Climate change is a health emergency and an existential threat to us all, with more than 13 million deaths around the world each year due to avoidable environmental causes (World Health Organisation, 2022).
The links between health and climate change are well established, with climate change exacerbating food insecurity, health impacts from extreme heat, the risk of infectious disease outbreaks and life-threatening extreme weather events (Romanello et al, 2022). Climate change also widens health inequalities by most affecting those already vulnerable to ill health.
“As nurses and midwives we have a key role to play in tackling climate change”
Global healthcare, if it were its own country, would be the fifth largest emitter of green house gases on the planet (Health Care Without Harm, 2019). The NHS in England was the world’s first health system to commit to reaching net-zero carbon and to embed this in legislation through the Health and Care Act 2022.
As nurses and midwives we have a key role to play in tackling climate change. In many ways, it is already at the core of how we practice and aligns with our duties enshrined in the Nursing and Midwifery Council Code to protect patients, preserve safety and act without delay if there is a risk to patient safety or public protection. We are the most trusted professions, work with individuals across their lifespan and have incredible reach. We also understand and witness the public health impact of climate change on the communities we serve.
Nurses and midwives across the country are already leading and contributing towards a more sustainable NHS. One trust has even piloted a role where a registered nurse or midwife combines their clinical role with protected time for sustainable quality improvement projects, relevant to their services and aligned with the Greener NHS programme.
Local green plans focus on reducing their onsite and indirect carbon emissions as described in the ‘Delivering a Net Zero NHS’ Plan (NHS England, 2020). Alongside elements such as energy consumption and estates, significant work has taken place in lower carbon clinical pathways. We are exploring whether a hybrid role could enable further development of clinical sustainability and carbon reducing practice within clinical services, giving long-term health benefits for service users and aligning with international and national priorities aimed at supporting nurse and midwife retention and career progression.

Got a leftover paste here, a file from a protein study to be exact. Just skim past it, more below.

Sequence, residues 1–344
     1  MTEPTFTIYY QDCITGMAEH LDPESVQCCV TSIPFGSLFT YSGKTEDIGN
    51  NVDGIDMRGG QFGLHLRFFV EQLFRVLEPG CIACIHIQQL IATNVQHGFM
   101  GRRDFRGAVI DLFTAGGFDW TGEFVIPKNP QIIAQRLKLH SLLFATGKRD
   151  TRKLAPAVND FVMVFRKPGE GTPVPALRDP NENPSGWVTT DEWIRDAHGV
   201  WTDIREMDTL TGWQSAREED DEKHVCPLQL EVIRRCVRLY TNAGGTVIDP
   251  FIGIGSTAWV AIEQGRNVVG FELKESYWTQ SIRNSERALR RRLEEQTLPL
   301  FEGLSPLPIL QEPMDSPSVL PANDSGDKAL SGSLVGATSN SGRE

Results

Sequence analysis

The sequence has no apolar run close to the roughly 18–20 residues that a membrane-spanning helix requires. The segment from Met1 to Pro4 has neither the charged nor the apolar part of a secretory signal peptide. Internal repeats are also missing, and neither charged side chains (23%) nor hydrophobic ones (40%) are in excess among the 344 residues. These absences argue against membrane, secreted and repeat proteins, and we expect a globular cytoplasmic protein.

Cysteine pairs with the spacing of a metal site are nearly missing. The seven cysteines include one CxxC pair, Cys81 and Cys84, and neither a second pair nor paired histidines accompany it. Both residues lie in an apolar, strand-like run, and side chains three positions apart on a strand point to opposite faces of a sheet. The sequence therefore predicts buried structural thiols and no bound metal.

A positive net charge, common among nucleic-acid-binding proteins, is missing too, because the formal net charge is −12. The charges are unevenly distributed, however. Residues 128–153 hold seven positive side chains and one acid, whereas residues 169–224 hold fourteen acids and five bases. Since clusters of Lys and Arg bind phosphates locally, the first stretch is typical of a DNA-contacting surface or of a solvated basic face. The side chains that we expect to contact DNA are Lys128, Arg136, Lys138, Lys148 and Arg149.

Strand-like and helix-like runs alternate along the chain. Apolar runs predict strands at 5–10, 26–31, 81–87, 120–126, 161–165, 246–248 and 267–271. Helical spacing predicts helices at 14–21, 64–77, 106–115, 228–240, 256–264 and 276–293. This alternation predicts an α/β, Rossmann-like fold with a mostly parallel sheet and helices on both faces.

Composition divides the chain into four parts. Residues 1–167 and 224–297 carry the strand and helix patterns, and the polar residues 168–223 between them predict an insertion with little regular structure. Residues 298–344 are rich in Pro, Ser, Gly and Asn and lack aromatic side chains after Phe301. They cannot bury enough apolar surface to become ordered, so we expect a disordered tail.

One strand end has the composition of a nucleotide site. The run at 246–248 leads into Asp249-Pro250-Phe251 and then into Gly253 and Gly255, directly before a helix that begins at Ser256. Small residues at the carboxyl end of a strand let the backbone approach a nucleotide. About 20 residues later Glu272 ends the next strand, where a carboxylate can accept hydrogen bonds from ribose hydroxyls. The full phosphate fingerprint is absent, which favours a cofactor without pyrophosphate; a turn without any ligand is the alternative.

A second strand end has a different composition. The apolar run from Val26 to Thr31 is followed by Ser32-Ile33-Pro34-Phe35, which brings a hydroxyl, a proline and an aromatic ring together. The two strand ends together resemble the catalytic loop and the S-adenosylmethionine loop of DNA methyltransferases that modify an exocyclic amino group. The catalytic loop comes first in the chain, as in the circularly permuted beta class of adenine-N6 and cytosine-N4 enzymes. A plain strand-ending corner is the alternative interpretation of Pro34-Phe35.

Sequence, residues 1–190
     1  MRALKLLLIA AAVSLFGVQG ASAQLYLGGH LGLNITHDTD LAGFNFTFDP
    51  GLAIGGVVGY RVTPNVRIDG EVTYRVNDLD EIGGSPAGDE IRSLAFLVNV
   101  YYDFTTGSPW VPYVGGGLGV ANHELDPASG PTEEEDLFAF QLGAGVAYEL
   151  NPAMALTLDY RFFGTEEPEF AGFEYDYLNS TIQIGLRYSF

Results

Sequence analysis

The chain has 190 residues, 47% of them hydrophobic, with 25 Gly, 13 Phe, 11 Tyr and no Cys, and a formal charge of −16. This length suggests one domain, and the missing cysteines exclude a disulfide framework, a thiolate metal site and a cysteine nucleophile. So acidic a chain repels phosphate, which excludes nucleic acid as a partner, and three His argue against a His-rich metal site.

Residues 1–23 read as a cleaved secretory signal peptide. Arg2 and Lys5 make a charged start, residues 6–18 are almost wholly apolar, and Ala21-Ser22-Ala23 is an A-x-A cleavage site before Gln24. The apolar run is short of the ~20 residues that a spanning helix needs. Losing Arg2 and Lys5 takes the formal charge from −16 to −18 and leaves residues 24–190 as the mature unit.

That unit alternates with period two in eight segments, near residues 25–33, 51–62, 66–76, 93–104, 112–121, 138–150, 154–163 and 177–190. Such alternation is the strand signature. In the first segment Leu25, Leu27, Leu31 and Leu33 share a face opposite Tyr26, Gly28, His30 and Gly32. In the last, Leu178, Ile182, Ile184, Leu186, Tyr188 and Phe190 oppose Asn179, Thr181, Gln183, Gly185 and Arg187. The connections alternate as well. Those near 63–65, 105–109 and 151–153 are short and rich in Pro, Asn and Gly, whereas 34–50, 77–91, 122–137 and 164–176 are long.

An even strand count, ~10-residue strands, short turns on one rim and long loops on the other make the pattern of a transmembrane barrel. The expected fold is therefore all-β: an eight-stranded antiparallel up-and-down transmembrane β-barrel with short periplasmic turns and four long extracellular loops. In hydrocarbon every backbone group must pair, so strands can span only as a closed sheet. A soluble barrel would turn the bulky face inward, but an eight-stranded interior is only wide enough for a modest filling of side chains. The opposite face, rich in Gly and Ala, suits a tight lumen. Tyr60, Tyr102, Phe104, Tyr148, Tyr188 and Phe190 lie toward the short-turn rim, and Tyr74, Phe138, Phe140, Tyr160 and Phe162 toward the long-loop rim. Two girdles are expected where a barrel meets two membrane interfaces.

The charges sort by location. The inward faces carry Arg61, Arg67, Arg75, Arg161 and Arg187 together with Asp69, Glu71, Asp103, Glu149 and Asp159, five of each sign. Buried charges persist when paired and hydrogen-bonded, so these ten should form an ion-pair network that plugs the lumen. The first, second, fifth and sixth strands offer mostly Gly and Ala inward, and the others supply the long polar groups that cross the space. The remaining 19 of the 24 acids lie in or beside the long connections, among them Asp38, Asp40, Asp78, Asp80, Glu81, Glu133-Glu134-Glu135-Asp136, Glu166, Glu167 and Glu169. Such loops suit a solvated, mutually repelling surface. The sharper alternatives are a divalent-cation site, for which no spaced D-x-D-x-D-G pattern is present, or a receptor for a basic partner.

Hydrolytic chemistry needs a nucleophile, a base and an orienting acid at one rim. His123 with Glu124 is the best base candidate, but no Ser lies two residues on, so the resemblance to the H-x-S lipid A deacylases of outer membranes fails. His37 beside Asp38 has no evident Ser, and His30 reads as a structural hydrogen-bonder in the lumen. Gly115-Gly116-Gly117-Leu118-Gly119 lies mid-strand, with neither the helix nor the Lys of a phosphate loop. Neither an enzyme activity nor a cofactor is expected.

What can be achieved in this type of role? Rhea Conn, intensive care nurse at Sandwell and West Birmingham NHS Trust, shows how one person with ideas and dedicated time can really make a difference. Rhea’s department and trust supported her to pilot a role which includes the whole time equivalent of 0.2 protected time for sustainability. With the help of bespoke support and coaching from NHS England, in a short time Rhea improved the sustainability of different domains, achieving both departmental cost and carbon savings. She also enhanced her leadership skills and her sense of wellbeing at work, as well as inspiring and connecting others locally to take forward the green agenda.
For example, one measure she introduced was changing to a UK-supplied shower gel where the company takes back the empty containers and refills them. This will save the department around 125kg of carbon emissions a year and halves the cost per wash. It also lessens the impact on the oceans by replacing a product shipped from China. This might seem like a small change, but imagine changes like this scaled-up across the whole health service.
We recognise the contribution nurses and midwives can make to the sustainability agenda through leadership, innovation and a commitment to increasing sustainable practices for the benefit of patients, colleagues and society. Rhea’s role is an example of how trusts can take forward sustainability issues and benefit from the opportunities around sustainable nursing and midwifery.
Emma Pascale Blakey is clinical lead for sustainability, nursing directorate, NHS England. Rhea Conn is senior sister and clinical sustainability lead, critical care services, Sandwell and West Birmingham NHS Trust
Health Care Without Harm (2019) Health Care’s Climate Footprint: How the Health Sector contributes to the Global Climate Crisis and Opportunities for Action. Health Care Without Harm.
NHS England (2020) Delivering a ‘Net Zero’ National Health Service. NHSE.
Romanello M et al (2022) The 2022 report of the Lancet countdown on health and climate change: health at the mercy of fossil fuels. The Lancet; 400: 10363, 1619-1654.
World Health Organization (2022) World health day 2022. Who.int (accessed 18 July 2023).